David knew the fruits of bible study when he illustrated the life of a godly man in the first psalm:
“Blessed is the man who walks not in the counsel of the wicked, nor stands in the way of sinners, nor sits in the seat of scoffers; but his delight is in the law of the LORD, and on his law he meditates day and night. He is like a tree planted by streams of water that yields its fruit in its season, and its leaf does not wither. In all that he does, he prospers.”
The “blessed” man is he that “meditates” on God’s word. To meditate (Hebrew – hagah), means “to be in continual contemplation over a matter” (Ancient Hebrew Lexicon). All Hebrew dictionaries agree that this word specifically relates to the murmuring, whispering, and uttering of that which is on the mind. This, in itself, is a method of bible study, for it applies additional effort into contemplating that which has been read in God’s word.
The Ultimate Goal of Bible Reading and Study
Paul said to the church in Thessalonica, “For this reason we also thank God without ceasing, because when you received the word of God which you heard from us, you welcomed it not as the word of men, but as it is in truth, the word of God, which also effectively works in you who believe” (1 Thessalonians 2:13). The goal of bible reading and study is to have the truth of God’s word effectively work in us, to change us, transform our minds, our ways, our behavior, and our words. The power of God’s word effectively draws us close to God, giving us understanding from His infinite knowledge, and fully lighting our way: “Your word is a lamp to my feet and a light to my path” (Psalm 119:105).
Our Lord spoke concerning the degree by which we “take heed” to the hearing of God’s word:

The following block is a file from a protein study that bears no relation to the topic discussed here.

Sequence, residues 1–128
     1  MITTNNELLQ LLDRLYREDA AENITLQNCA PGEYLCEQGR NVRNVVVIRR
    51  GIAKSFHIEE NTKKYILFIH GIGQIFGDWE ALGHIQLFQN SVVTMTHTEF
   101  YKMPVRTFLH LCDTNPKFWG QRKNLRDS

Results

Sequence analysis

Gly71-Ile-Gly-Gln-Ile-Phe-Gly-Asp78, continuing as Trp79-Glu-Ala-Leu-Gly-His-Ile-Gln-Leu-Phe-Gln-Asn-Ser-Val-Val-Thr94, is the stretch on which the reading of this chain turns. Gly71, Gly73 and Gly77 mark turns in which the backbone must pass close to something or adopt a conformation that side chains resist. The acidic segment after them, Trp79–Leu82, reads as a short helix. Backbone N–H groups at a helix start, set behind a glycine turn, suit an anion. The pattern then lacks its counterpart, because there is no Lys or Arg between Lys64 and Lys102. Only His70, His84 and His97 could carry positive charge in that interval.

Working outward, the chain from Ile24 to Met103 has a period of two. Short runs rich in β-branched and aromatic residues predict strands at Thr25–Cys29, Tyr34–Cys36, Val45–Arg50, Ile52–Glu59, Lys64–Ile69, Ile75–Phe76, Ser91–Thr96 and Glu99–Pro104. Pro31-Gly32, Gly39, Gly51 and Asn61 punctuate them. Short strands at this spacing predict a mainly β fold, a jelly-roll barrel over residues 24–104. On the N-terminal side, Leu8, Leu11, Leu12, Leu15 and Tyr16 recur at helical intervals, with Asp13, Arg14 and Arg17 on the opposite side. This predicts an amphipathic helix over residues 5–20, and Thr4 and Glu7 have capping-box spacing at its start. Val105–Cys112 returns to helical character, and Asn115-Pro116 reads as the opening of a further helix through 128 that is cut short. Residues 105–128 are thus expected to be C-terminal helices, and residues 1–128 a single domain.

“‘If anyone has ears to hear, let him hear.’ Then He said to them, ‘Take heed what you hear. With the same measure you use, it will be measured to you; and to you who hear, more will be given. For whoever has, to him more will be given; but whoever does not have, even what he has will be taken away from him.’” (Mark 4:23-25).
What is the measure that we will use? If our measure abounds in bible study, then so will what we receive back from our efforts, and even more knowledge, understanding, and wisdom will be given to us, along with a clearer and more perfect transformation of the heart. But if we use no measure, even what we once had known and understood will be taken away from us. May we heed the warning of the Lord, and soberly recognize that it is God’s message to us that should matter to man more than all else. And because the message has been so freely handed to us, may we have eager minds to peer into the mind of our God and Creator and find out all things that God has prepared for those who love Him (1 Corinthians 2:9-10).
Article by Tanner Campbell